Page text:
When I speak about Twitter to other educators, to try to convince them to see it as an amazing tool for professional development, I often say it has been transformational in my life. Am I being dramatic with these choice of words?
No, not at all.
Twitter has become the ways and means to discover other passionate educators, opportunities, and ideas. Twitter first introduced me to the Two Writing Teachers and the Slice of Life Story Challenge. Twitter pointed the way to Margaret Simon and #DigiLitSunday. Today, both #SOL17 and #DigitLitSunday come together for this post.
Digital literacy provides connection and community. We find this in the SOLSC, where so many of us educators are blogging this month. Could I write for 31 days in a notebook and be changed? I'm not sure- I've never done that. I've taken the SOLSC challenge twice before, successfully, to blog for 31 days and share my thoughts digitally, in a community of writers who can comment. This has changed me. The SOLSC pushes me to live like a writer, to slow down, notice, share, and be part of a community of educators who value writing. The comments have validated my writing and given me confidence in my voice. Beyond the personal benefits of writing, there are benefits to being part of an international digital community of educators who write. Walls come down when we share our lives with each other. (I'm a big fan of walls coming down.)
This is my third year taking part in the challenge. While I've previously reflected mostly about how the writing changes me, this year I'm thinking about how reading other people's Slices changes me too. The Slices I've read this year have been in turns, funny, creative, poignant, moving, a pleasure. With each blog post read, I know a slice more about the writer- likely things I would never have learned about these people. A brother lost. A passion for playing the piano. What it feels like to be a teacher of color. To be questioned if you are worthy for the job you were hired for, based on your race. A teacher celebrating her mother's influence on her professionally and personally. Literal window shopping. And more....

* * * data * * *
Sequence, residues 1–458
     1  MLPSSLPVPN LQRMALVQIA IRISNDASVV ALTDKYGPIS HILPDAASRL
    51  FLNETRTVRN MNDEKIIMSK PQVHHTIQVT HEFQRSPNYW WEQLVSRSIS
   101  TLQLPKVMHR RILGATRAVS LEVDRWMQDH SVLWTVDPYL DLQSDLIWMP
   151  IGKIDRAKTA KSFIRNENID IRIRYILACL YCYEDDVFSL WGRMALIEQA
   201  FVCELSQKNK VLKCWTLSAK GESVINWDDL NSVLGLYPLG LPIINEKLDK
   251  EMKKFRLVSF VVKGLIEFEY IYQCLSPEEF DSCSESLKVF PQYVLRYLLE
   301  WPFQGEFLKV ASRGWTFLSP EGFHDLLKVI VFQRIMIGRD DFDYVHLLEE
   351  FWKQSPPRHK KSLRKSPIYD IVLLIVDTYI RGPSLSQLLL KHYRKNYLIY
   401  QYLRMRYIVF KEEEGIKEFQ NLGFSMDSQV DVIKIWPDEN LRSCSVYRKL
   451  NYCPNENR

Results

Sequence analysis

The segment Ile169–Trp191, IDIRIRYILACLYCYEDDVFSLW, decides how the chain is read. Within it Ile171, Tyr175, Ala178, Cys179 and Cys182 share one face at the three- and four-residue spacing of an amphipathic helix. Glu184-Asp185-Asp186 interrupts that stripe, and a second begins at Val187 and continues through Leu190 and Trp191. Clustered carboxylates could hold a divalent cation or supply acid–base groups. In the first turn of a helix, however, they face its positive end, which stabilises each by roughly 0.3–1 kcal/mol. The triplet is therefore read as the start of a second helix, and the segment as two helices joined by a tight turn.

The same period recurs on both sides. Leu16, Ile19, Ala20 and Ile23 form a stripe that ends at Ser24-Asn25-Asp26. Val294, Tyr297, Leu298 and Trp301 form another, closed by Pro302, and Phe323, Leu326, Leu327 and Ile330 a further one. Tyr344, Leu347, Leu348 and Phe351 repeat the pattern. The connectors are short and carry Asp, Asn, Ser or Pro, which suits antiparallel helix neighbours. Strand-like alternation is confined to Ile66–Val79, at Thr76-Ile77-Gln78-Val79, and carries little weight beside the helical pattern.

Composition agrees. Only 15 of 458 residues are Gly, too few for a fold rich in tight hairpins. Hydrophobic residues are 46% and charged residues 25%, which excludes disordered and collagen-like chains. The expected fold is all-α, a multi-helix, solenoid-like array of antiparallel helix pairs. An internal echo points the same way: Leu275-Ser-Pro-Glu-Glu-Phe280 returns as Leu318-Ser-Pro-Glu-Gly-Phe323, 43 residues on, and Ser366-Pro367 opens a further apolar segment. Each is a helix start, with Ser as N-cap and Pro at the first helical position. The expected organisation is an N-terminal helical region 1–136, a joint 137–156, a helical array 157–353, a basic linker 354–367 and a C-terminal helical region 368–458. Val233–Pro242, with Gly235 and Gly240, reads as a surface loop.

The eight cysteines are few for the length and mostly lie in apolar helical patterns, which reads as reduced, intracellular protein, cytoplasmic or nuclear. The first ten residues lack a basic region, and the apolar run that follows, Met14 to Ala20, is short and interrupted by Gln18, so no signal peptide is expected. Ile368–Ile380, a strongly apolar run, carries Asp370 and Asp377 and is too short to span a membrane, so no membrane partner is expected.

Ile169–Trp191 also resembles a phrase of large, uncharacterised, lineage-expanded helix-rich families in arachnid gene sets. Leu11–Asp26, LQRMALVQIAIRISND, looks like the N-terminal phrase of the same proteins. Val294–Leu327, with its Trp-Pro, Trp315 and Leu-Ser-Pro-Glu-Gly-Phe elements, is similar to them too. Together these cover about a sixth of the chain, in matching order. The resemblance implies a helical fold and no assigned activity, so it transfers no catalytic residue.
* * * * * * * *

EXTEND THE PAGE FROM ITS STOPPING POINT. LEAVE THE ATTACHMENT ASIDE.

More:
Today, on #DigiLitSunday, as I write my fifth SOLSC post, I celebrate the notion that blogging in a community grows you as a writer and a reader...and as a human being. Yesterday, I was a participant in a Long Island Writing Project workshop entitled "Voice and the Voiceless", facilitated by Vicki Alessi and held on site at the Holocaust Memorial and Tolerance Center of Nassau County. Vicki has traveled to Europe with other educators to learn first-hand about concentration camps and the history of the Holocaust. She challenged us to think past the outrageous number of 6 million Jews killed and think of the individual stories. We read poems about the shoes taken from those killed and saw a video featuring a very young child's shoe, a child killed in the Holocaust. We had time to explore the museum and focus on the people and their stories.
I still don't really have the words for this experience, for the feelings I felt. But my connection between that workshop and this post is stories. Telling our stories and bearing witness to other's stories is something we can all do. As a third grade teacher, giving my students a platform to share their stories digitally, through the Classroom SOLSC, allows them to also hear stories from students around the world. We are more alike than different. Knowing someone's story makes it awfully hard to see them as "the other" or "evil"- makes it less okay to strip someone of rights and human decency.
Slicing my life has helped me develop as a writer, which makes me a better teacher of writing. It has helped me live more reflectively, which makes me a better person. Slicing my life in a community of educators has given me another place to call home, an online family to care about and support. It has encouraged me to create this for my students- to help them be bloggers, to give them the chance to read and comment on posts from kids like them and unlike them.
The goal of all of this is to be a literate person who cares about the world and others in it. To use writing as a means of expression and connection. Doing this digitally makes the world smaller and more personal, and I can't think of anything more important right now than caring for and about each other- no matter what race, creed, religion, gender, culture, socioeconomic status....
Writing our stories, reading other's stories, giving this gift to our students...it's what we can do. it's what we must do.